# Does the electric current have a direction?

1. Mar 1, 2009

### hmalkan

We know that the electrical current is scalar. Also we know that a scalar hasn't got a direction but electric current has got a direction. I've confused! Please help me..

2. Mar 1, 2009

### ZapperZ

Staff Emeritus
How do you know that electric current is a scalar?

Zz.

3. Mar 1, 2009

### csprof2000

Electric current does have a direction, and, as such, is a vector, and not a scalar.

4. Mar 1, 2009

### confinement

Electic current does have a direction, the problem is the frequent appearance of the equation:

$$i = \frac{dq}{dt}$$

which does not really tell exactly what current is; this equation only gives you the magnitude, not the direction. I prefer to define the surface current density:

$$\vec{j} = \rho \vec{v}$$

in terms of the charge density and the velocity. Then we have:

$$\vec{i} = A \vec{j}$$

where A is the area.

5. Mar 1, 2009

### hmalkan

Last edited by a moderator: May 4, 2017
6. Mar 1, 2009

### Staff: Mentor

The current density $\vec J$ is a vector, but the current I through a given surface is a scalar, as can be seen from the relationship between the two:

$$I = \int{\vec J \cdot d \vec a}$$

When you're calculating e.g. the magnetic force on a current-carrying wire, the directionality of the current is properly associated with the length of the wire rather than with the current itself:

$$\vec F = I \vec l \times \vec B$$

for a straight wire segment and uniform $\vec B$, or

$$\vec F = I \int {d \vec l \times \vec B}$$

otherwise. This assumes that $\vec B$ doesn't vary significantly over the cross-section of the wire. If it does, then you have to calculate the force by using the current density and integrating over the volume of the wire:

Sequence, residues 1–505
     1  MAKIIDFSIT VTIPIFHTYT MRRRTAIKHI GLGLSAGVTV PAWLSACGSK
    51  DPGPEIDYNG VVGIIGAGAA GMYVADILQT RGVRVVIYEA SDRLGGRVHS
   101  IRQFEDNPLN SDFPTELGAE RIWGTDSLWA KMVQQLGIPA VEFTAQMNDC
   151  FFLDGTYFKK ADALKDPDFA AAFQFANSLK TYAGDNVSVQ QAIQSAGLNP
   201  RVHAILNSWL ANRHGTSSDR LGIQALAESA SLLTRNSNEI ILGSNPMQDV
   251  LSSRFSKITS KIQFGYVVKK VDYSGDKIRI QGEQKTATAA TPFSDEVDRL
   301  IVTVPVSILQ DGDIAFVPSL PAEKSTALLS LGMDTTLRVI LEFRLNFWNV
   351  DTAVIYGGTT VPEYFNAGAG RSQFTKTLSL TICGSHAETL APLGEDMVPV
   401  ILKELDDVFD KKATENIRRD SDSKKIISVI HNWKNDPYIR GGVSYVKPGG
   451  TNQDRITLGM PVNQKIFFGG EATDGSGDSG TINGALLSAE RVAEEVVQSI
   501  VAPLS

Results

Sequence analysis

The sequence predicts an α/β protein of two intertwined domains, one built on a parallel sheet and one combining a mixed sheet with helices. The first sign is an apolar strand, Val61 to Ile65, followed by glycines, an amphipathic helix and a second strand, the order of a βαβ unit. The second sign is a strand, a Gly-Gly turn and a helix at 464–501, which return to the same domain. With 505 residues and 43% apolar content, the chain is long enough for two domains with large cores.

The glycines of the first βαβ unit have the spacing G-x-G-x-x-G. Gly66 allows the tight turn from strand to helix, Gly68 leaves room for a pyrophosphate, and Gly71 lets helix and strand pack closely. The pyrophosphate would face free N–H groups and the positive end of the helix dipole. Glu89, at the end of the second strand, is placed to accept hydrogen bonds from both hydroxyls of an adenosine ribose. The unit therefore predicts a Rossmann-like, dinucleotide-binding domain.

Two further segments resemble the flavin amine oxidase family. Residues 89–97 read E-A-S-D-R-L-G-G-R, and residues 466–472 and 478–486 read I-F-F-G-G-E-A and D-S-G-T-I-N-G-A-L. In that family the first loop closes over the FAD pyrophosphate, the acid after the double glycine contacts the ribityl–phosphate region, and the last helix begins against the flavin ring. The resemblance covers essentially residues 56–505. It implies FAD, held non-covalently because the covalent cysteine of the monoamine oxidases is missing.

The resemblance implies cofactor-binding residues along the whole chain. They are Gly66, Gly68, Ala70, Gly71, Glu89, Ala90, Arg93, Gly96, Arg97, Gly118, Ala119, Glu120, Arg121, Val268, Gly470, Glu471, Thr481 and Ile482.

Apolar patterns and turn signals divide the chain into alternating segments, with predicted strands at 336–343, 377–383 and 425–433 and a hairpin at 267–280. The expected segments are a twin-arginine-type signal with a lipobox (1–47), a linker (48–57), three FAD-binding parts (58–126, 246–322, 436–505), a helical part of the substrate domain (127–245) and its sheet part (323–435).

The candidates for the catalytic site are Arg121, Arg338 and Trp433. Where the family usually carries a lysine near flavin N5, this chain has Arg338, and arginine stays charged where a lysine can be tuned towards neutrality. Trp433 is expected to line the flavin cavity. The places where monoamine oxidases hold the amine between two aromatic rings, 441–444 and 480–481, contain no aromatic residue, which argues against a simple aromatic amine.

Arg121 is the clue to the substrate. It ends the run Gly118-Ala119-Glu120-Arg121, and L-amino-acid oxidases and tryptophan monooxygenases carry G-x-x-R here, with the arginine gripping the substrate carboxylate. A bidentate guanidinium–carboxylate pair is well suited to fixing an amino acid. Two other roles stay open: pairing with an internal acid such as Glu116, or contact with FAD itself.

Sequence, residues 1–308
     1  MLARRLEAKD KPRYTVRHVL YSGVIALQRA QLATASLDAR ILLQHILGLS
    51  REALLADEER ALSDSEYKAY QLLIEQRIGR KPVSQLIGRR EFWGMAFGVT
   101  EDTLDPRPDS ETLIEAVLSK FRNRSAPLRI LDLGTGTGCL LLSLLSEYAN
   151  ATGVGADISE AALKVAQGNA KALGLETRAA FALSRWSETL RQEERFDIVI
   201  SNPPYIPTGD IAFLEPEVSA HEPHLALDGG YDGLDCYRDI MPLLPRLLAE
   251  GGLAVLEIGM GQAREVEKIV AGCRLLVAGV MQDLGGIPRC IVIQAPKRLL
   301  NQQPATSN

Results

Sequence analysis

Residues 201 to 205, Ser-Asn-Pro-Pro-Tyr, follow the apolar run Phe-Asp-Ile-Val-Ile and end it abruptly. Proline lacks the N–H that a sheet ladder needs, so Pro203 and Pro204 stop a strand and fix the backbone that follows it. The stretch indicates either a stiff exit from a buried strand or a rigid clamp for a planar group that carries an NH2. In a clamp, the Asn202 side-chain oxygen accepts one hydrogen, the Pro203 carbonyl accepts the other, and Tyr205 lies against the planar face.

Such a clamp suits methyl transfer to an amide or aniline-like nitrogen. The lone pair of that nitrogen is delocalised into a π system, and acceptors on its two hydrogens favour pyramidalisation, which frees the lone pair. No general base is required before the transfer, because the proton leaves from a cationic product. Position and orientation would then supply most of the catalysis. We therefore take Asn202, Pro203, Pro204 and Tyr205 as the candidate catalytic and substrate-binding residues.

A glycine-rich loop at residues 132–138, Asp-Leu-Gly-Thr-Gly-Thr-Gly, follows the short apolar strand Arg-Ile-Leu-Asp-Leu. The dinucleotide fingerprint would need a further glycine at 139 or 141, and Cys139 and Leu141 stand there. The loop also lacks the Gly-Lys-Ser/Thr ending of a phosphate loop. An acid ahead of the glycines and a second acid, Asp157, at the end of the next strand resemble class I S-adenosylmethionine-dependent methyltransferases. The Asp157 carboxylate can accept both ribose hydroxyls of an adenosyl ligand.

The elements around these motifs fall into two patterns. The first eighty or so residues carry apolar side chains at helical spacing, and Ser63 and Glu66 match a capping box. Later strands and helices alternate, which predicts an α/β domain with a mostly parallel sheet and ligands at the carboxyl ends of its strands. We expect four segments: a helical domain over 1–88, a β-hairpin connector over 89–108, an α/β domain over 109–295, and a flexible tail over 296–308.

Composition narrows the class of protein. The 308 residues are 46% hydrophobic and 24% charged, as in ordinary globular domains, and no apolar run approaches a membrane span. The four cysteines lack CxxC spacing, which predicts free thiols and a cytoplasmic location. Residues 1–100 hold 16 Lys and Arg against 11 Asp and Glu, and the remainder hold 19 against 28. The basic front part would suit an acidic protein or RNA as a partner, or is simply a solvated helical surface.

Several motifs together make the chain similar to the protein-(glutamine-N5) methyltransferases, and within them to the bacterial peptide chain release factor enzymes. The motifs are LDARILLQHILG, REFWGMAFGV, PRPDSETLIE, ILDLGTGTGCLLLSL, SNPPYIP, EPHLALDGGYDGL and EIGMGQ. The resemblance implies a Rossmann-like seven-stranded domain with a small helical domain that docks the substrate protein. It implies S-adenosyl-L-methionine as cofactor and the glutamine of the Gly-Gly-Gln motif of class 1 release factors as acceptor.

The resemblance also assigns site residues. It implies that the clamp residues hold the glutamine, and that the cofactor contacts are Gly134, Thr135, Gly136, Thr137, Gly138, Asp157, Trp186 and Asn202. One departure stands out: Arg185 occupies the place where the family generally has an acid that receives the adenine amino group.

$$\vec F = \int {(\vec J \times \vec B) dV}$$

Last edited: Mar 1, 2009
7. Mar 1, 2009

### Staff: Mentor

You have to allow for the area not being perpendicular to the current. If $\vec J$ is uniform, then you can use

$$I = \vec J \cdot \vec A$$

where the direction of $\vec A$ is perpendicular to the surface. If $\vec J$ is not uniform, then you have to integrate.

8. Mar 1, 2009

### hmalkan

I don't understand what $\vec B$ stands for.

9. Mar 1, 2009

Staff Emeritus
Magnetic field.

10. Mar 1, 2009

### Archosaur

Current is scalar.

Current (in amperes) is the amount of charge that passes through a point on a conductor every second. It is just a number. An "ampere" is a scalar quantity.

But, and this might make it confusing, but the electrons do flow in a given direction.
The electrical current does have a direction, but that information isn't contained in the unit "ampere".

Does that make sense at all? I could try to explain it better...

Last edited by a moderator: May 4, 2017
11. Mar 1, 2009

### csprof2000

The units only ever measure magnitude, not direction.

It doesn't even make sense to have vector units.

12. Mar 2, 2009

### hmalkan

All you are very helpful. Thanks for replies.